Once you meet Spencer Keys, you will never think of a small town general practice as outdated or boring again. Sure, he takes on traditional business, real estate and estate planning files, but he is also a systems architect. Spencer loves to nerd out about tax law but loves using technology to design interactions between non-lawyers and processes even more.
This innovative and forward-thinking lawyer is not looking to start a legal tech empire in the big city. Spencer lives in the small community of Sechelt, B.C. and his remote community is the force that drives him to innovate.
After working in government relations in Ottawa for years at a job he loved, Spencer and his wife, Veronica, a teacher, wanted to move to where they could both have successful careers, so they moved to Spencer’s home province of B.C.. A new province meant a new plan. He loved advisory work so wanted to stay in that realm. He graduated from an accounting program but was glad to leave accounting behind when he got accepted into UBC’s law school.
During Spencer’s time at UBC and articling in Vancouver, he took trips to the Sunshine Coast – a short ferry ride away from the city. The Sunshine Coast is close to Vancouver but feels a world away. It is laid-back, surrounded by ocean and mountains. The District of Sechelt, one of the bigger communities there, is home to around 10,000 people. For the price of a 2-bedroom rental in Vancouver, he could get a house on a third of an acre in Sechelt. At that time, Spencer and Veronica were beginning to think about expanding their family and they thought that Sechelt might be the perfect place to raise a child. But switching between school districts is hard so the couple set a 10-year plan to make the community home.
Halfway through his articles, the BC Teachers Federation won the right to limit class sizes. That meant that there were suddenly too few teachers and Veronica could now easily switch districts. The combination of these events turned Spencer’s 10-year plan into a 10-month plan. Spencer started googling “lawyers in Sechelt” and initially thought the area was over-saturated. Undeterred, he called the only lawyer there with a website (this was 2017!), Lois Potter, and within the span of a 15-minute conversation was told that most of the lawyers in Sechelt were semi-retired, that she could use the help immediately, and that she would like to slow down and for him to take over her practice when she did.
He started working at the Lois Potter Law Office, now Charthouse Lawyers, the day of his bar call and 1.5 years later, took ownership of the firm.
Charthouse Law has been around for 35 years (under different names). Some of the staff have been there for 30 years and got to know their current clients as babies while working for their parents.
The firm’s tagline is “advisors for life” and Spencer feels lucky to guide community members through all stages of their lives, in personal and business matters.
Other than his relationships with clients, Spencer’s favourite part about running his firm is that he gets to design the business. He is passionate about access to justice in remote communities. Spencer believes that a way to address this problem is to make it as easy as possible for lawyers to open firms in remote areas. He hopes to create centralized systems, like centralized conveyancing and document preparation services, to make the process less complicated. The responsibility of starting a firm alone in a small community is daunting and discourages lawyers from doing it, even though they are desperately needed in these communities. Spencer doesn’t know if he has the answer to this problem, but he is excited to try it out. Even on his worst day, Spencer gets to play in a laboratory and try to figure out difficult problems that he thinks have led to a lack of access to justice. For him, that is highly motivating.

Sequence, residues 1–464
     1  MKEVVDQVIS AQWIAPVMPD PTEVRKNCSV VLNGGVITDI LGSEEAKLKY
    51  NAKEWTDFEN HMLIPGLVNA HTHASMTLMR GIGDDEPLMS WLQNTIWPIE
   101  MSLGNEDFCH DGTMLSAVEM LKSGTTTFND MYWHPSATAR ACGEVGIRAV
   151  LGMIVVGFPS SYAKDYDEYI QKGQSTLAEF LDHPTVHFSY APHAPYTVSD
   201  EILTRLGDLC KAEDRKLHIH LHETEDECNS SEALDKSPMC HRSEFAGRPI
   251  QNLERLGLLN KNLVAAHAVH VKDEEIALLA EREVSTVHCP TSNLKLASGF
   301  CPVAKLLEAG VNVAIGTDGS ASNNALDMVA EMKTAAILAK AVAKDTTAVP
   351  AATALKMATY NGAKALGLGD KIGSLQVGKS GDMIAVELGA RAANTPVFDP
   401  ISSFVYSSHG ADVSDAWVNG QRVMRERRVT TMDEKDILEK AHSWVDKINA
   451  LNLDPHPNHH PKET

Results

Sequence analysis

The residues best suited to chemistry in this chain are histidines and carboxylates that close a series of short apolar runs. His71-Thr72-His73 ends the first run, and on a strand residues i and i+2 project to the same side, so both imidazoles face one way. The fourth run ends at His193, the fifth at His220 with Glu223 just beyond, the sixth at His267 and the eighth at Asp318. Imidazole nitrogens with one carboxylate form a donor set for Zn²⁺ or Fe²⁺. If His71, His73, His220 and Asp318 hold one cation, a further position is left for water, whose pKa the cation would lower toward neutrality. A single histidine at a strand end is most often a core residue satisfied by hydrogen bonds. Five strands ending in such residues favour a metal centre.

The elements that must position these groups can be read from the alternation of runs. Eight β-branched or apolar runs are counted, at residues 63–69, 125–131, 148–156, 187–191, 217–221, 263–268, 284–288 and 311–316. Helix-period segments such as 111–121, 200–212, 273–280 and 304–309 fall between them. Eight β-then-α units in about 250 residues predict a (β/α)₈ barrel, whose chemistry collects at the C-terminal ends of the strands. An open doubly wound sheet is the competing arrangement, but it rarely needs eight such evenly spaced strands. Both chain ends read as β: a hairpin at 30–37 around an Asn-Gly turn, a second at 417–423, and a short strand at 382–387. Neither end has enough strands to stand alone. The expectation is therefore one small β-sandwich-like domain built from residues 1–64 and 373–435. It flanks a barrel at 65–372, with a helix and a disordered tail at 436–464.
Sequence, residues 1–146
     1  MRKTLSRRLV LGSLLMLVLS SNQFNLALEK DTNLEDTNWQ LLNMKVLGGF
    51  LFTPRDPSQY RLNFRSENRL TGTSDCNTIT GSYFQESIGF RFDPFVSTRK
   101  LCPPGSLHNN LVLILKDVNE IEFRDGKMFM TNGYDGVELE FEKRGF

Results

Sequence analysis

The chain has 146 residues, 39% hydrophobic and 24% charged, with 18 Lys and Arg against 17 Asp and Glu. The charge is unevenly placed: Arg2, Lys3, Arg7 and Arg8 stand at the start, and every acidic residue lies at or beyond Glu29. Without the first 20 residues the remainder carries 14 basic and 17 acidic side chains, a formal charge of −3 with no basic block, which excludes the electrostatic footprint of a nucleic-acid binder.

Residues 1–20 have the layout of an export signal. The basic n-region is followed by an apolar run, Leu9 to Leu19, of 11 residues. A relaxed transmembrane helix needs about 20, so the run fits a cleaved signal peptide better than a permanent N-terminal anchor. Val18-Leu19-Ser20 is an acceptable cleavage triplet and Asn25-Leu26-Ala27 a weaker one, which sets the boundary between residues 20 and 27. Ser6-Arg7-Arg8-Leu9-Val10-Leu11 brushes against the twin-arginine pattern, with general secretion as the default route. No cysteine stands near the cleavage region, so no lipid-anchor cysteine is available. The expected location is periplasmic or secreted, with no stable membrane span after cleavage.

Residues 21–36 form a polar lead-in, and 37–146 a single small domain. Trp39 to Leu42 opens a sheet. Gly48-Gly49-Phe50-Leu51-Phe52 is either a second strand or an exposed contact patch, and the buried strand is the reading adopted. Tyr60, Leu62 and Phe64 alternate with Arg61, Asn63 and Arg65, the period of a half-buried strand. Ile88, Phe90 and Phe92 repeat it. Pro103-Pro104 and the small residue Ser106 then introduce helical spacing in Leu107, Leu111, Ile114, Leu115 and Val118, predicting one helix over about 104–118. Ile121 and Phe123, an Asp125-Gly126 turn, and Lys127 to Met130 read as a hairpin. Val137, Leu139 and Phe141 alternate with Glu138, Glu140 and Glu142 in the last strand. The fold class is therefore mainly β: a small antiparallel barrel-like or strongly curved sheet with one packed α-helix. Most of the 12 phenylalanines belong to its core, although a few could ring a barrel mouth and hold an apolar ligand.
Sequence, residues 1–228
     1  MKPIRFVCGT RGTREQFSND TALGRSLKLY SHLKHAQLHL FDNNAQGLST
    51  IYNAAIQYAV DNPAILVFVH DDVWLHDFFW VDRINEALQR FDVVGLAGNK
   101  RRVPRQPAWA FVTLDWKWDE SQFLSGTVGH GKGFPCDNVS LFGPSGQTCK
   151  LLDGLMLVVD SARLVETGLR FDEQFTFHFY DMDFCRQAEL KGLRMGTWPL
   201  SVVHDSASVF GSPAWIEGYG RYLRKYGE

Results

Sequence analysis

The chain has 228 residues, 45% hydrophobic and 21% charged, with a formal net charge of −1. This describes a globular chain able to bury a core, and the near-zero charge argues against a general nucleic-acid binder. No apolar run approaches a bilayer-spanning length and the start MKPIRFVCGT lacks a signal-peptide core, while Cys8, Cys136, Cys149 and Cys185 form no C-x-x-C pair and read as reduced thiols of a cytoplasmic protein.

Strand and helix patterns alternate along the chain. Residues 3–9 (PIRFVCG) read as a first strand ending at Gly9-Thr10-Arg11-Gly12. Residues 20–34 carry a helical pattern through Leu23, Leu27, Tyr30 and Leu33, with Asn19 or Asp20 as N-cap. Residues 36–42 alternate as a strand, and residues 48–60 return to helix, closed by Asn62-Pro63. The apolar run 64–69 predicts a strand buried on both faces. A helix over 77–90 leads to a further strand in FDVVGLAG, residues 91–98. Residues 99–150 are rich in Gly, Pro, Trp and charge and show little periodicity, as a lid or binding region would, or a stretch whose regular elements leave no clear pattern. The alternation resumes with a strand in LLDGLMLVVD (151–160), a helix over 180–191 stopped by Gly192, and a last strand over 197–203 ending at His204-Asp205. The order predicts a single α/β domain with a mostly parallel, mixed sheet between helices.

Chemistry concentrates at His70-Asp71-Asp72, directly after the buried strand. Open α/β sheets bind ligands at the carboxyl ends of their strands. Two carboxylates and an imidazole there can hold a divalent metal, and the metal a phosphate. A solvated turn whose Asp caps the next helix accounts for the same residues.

Creating new processes and using new technology takes time and money, but Spencer doesn’t shy away from risk. In business, there is a concept of the economic moat. A moat protects a castle from invaders and an economic moat protects companies from competitors. On the Sunshine Coast, which can only be accessed by ferry or boat from the mainland, Spencer is basically surrounded by an actual moat! He doesn’t worry about holding on to every dollar he makes and tries to capitalize by investing in new tools and strategies.
Spencer was never great at working for other people but has a talent for leading. He is happiest with his firm when he sees everyone there functioning as a team. One core value of Charthouse Law is that there are no heroes or lone wolves. No one goes off alone or takes on everything. Working as a team lets everyone have a more resilient lifestyle because they are interchangeable. If Spencer or his staff need to take a sick day, they can take time off without the practice falling apart.
Spencer has put a lot of work into figuring out exactly what kind of lawyer he wants to be. If you are trying to do the same, he recommends the book Lawyer Forward.
The book focuses on becoming a solutions expert focused on particular legal niches or a problem expert focused on particular client niches and how to join the two. For Spencer, success was found in becoming an expert on the community in which he lives in more so than an expert in an area of law.
There are many ways to customize your legal career. But if you don’t do it intentionally, you might find yourself moving from job to job and wondering why you still aren’t satisfied. Interrogate yourself before looking for your next job to find out what you really want in life, and build your career around that. It requires persistence and commitment, but it is worth the work. After Spencer decided he wanted to raise a family in Sechelt and work on the access to justice crisis, he made the move, had the child, took over the practice, and there was no going back.